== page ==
I haven’t yet joined the iPod revolution, mostly because I don’t use a portable stereo or listen to music via headphones anywhere away from my computer. (I also dislike the controls Apple puts on files that you download from them, but that’s a whole other story.) Recently, however, I’ve felt the strong urge to bring digital media files into my car, the one place where I really don’t have access to these files (without going through the hassle of burning a CD… can you believe we EVER made mix tapes???). I was shortly enthralled with the idea of purchasing the Omnifi DMP-1, a revolutionary car mp3 player equipped with a 20GB hard drive and optional wireless connection to the home network (allowing wireless transfer of files to the aforementioned hard drive), however when I considered the prospects of taking apart my car’s dashboard, those delusions of grandeur seemed to slip away. (I have no problem taking apart my computer, but I’ve never ventured into the realm of car tinkering and at this point don’t have a strong desire to.)
So, the other option was to get some sort of portable mp3 player. I do still have a tape player in my car (remember them?), so I don’t even have to bother with the supposedly ineffective FM modulators, although the analog connection provided by the tape converter is not perfect either. In addition, I was lucky enough to discover that my sister has an old iPod she no longer uses (recently upgraded to a mini), a second-generation click wheel gadget with 10GB of storage. The battery no longer holds a charge, and there is no USB support, but the essentials are in place, and geeks like me never shy away from a challenge.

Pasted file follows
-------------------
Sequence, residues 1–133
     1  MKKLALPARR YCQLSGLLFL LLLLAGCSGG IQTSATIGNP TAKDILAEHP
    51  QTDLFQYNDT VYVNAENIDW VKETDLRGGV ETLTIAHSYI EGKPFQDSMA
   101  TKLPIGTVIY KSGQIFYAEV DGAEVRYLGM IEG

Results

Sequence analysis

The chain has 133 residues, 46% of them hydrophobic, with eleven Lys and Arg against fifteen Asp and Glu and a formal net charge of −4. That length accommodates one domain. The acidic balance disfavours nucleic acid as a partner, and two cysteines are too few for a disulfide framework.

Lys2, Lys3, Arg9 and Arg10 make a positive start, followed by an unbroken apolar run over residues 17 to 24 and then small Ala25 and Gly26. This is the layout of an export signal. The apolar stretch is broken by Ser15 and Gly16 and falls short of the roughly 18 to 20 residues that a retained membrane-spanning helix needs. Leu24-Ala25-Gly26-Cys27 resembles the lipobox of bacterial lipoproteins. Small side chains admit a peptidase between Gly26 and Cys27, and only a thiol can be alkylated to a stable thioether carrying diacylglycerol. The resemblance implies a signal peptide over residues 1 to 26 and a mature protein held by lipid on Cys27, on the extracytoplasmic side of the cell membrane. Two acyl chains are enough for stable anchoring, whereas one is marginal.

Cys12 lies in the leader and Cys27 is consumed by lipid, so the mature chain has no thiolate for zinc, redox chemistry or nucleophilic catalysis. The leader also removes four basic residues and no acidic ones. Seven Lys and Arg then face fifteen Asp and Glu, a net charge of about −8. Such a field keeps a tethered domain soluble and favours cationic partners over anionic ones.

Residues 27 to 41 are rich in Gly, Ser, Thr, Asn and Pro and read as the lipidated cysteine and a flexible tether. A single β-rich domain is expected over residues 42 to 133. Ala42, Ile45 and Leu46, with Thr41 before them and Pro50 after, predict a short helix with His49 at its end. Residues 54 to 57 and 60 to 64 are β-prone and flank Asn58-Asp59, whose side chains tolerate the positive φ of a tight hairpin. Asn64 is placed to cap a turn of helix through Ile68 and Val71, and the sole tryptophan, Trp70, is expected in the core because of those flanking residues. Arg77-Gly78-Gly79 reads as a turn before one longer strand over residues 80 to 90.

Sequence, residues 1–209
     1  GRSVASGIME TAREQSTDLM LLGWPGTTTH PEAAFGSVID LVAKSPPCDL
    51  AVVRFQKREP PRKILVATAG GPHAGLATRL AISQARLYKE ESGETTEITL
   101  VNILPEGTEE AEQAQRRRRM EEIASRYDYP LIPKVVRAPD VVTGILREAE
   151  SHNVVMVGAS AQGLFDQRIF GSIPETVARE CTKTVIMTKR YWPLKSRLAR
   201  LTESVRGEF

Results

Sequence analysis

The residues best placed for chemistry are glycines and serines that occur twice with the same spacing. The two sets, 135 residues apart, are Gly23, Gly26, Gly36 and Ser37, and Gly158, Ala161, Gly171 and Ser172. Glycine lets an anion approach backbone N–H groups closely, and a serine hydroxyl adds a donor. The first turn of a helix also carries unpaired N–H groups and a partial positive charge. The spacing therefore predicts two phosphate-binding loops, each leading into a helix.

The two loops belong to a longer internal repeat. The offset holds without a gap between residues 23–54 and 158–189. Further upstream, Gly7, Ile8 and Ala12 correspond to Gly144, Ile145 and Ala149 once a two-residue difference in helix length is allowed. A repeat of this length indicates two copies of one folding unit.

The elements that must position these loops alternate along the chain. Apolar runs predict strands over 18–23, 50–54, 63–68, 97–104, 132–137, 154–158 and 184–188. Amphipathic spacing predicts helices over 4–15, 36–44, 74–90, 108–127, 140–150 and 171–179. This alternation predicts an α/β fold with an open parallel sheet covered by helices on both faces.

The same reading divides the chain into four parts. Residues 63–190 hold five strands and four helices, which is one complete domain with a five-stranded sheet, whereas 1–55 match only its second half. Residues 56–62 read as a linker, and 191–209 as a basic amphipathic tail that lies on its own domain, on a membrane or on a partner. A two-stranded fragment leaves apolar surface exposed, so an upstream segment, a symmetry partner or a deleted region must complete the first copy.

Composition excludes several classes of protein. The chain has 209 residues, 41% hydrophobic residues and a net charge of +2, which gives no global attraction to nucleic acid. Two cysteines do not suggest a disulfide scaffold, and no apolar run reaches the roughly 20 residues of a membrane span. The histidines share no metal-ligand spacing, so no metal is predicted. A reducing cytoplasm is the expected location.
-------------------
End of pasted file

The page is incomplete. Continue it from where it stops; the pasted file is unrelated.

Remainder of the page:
As is bound to happen anytime one works with Mac products, the process has turned from a fun, interesting experiment to a long, drawn out process that may never end. But, I’m determined to beat this darn thing and at the end have a functioning 10GB iPod that I can use in my car. My ordeal follows:
The first thing I needed to procur was a car charger suitable for the iPod (since the battery doesn’t work). Without much further thought, I went where any red-blooded American would look for such a thing: eBay, of course. The first one I picked up ($0.01 plus $6.95 shipping, arrived in a padded envelope that cost no more than $1 including postage) worked only on iPods with dock connectors, which mine didn’t have. Serves me right for jumping on the first one I saw without actually looking at the iPod first. (Luckily, it works for my GFs iPod and she was more than happy to take it from me.) After the first mistake, I picked up another eBay adapter that had a firewire input (this time $0.01 plus $8.99 shipping, came in same envelope, less postage), but it arrived the same day as the wrong one and worked like a charm! The ipod charged while the car was running, the tape converter works, and I’m in business. Too bad the 10GB is filled with my sister’s songs, and I have no way to update it.
What will our hero do next? Can an old Mac iPod even connect to a PC? Read The iPodyssey, Part 2.